Prayer: Lord Jesus, scepter that rises out of Jacob, lamb of God who takes away the sin of the world, rule our hearts through your suffering cross and forgive us our sins, that we may become partakers of Your divine life; for You live and reign with the Father and the Holy Spirit, one God, now and forever.





Salt and Light

Epiphany 5,2017, Glen Carbon, Matthew 5:13-16

Rosie Williams is a member at Immanuel Chapel in North St. Louis County.  Whenever I would greet her on Sunday morning, she would respond, “I am blessed.”  And so, she is and so are we – blessed.  By our baptism and trust in Jesus Christ we are blessed to be Jesus’ disciples.  Last week we were among those who came to Jesus on the mountain to be taught, that “Blessed are the poor in spirit, for theirs is the kingdom of heaven; blessed are those who mourn, for they shall be comforted; blessed are those who yearn for rightness for they shall be satisfied.  Yes, and blessed are those who are persecuted for doing the right thing in Jesus name…Rejoice and be glad for your reward is great in heaven.”

St. Paul tells us today that we are blessed because the Holy Spirit has opened our eyes to see what no eye has seen, opened our ears to hear what no ear has heard, opened our minds to things which are beyond the human imagination.  With eyes and ears and minds opened by the Holy Spirit we can understand the things God has done for us in Jesus Christ. St. Paul declares, “We have the mind of Christ.”  All those blessings come to us through Jesus Christ and him crucified.   We anticipate that day when we will see Jesus return and hear him say, “Come blessed of my Father, inherit the kingdom prepared for you from the foundation of the world.”

This morning we again gather around Jesus who continues his instruction.  He tells us, “You are the salt of the earth.” You are that which salts the earth.  You are that which seasons with earth with God flavors.  “You are the light of the world.”  You are that which gives light to enlighten the world.  You are that which brings out the God colors of the world.

Jesus isn’t saying, “You should be the salt of the earth and light of the world.  He’s not saying, “You have to be” or “you better be.”  Rather, he is saying you are.  You are already salt and light.  Even if you don’t know it.  Even if you once knew it and forgot.  Even if you don’t believe it.  Jesus isn’t making demands of us, but is making promises to us and giving out gifts.

Let’s consider how we may have shown our saltiness and lit up a bit of the world the past week or so.   We might be surprised.  On the farm when I was growing up we had a salt block on a stake for the cows.  But occasionally we would be surprised and filled with some joy when a deer would be found among the cows taking advantage of the salt block.  So, it might be surprising to learn how our little actions of word and deed brought some joy into someone’s life or someone did the same for us.  Something as simple as how we answering the telephone with a cheerful greeting and readiness to listen.  We might have shown patience while standing in a checkout line.  Or a clerk might have helped us.  When I check out at the pharmacy at a nearby Walgreens, I get overloaded with all the answers I’m supposed to put in that little screen.  So, one young lady turns it toward her and does it for me, not only helping me but also aiding the waiting people behind me.  Thus, people season our day with kindness or we are a ray of sunshine in another person’s cloudy day.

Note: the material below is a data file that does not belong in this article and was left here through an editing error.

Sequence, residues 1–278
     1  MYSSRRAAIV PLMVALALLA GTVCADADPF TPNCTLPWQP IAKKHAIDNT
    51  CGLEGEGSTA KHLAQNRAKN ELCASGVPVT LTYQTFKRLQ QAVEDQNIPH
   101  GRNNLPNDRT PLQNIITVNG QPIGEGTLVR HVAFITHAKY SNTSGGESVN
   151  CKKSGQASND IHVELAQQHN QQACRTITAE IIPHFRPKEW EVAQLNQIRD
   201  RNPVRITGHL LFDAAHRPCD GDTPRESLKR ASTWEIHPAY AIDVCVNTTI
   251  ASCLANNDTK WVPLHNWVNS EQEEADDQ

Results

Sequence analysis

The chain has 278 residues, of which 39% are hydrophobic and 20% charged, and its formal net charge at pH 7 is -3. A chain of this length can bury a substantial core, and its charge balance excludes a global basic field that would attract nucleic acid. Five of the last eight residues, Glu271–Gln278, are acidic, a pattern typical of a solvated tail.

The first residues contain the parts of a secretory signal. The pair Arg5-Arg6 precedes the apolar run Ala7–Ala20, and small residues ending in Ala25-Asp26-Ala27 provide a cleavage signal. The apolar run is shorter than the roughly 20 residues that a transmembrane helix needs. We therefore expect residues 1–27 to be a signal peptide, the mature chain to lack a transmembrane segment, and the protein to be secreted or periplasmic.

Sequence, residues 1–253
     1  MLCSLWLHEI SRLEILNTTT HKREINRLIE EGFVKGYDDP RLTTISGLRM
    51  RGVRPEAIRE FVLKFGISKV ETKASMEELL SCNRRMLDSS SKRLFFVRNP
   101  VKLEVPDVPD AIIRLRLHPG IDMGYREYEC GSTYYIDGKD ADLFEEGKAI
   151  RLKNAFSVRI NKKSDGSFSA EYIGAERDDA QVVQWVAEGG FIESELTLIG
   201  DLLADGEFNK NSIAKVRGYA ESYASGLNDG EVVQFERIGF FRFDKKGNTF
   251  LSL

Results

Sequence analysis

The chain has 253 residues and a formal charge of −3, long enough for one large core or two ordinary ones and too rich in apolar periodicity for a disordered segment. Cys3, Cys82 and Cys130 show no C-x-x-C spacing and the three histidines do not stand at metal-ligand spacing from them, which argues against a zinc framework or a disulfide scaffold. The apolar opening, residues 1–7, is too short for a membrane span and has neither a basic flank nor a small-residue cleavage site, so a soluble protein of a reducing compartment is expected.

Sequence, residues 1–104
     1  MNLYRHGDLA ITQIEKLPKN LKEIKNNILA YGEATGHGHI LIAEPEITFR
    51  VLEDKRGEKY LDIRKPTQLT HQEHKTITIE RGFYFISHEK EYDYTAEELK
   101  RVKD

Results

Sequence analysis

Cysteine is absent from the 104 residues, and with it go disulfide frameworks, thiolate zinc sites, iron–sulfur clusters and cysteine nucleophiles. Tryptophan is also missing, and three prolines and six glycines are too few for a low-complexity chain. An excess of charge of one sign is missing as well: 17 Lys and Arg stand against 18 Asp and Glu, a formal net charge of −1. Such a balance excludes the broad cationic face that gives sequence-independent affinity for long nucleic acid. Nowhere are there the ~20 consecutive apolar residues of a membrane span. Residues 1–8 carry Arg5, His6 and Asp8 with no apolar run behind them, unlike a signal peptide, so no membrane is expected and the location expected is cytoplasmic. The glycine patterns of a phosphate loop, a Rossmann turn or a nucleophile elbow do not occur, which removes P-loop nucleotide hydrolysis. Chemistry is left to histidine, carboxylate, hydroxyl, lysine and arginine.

Notice Jesus says to us, “You are the salt of the EARTH.”  “You are the light of the WORLD.”  This is a commission from the Lord like when the resurrected Savior commissioned his disciples, to “Go therefore and make disciples of all nations, baptizing…and teaching them.”  Now that’s a tall task.  We may have trouble being salt and light in our daily encounters let alone for all the earth and for all nations.  A member of my Friday morning Bible Class was an executive at Ralston Purina and then served as president of Concordia Publishing House for ten years.  By his own admission, he was not a patient person.  His greatest challenge now is that his wife is very ill and prone to frequent falls.  Friday, she was having a bad day.  He often gets frustrated.  His wife tells him that the reason for her disability is to teach him patience.  So being salt and being light can be a challenge.

Nevertheless, we are not judged on how successfully we carry out our identity as salt and light.  Jesus has changed us into salt.  Jesus has changed us into light. He will preserve us.  For the source of our light is God who said in the beginning, “Let there be light.”  In the same way, the source of our being light and salt is none other than our heavenly Father, who sent his light, that is Jesus Christ, as the light of the world.  As John tells us, in him was life, and his life was the light of mankind.  That light shines in the darkness and the darkness has not overcome it…The true light, which enlightens everyone, was coming into the world.”

But Jesus had said salt and light, “of the earth, of the world, and all nations.”  I’m reminded of a time when the prophet Isaiah told the Lord that he was failing at what the Lord had called him to do.  “I have toiled in vain; I have spent my strength for nothing and to no purpose.”  And the Lord responded, “The problem is that I have given you too light a task to simply raise up the tribes of Jacob…I going to appoint you as a light to the nations so that my salvation may reach to the end of the earth.”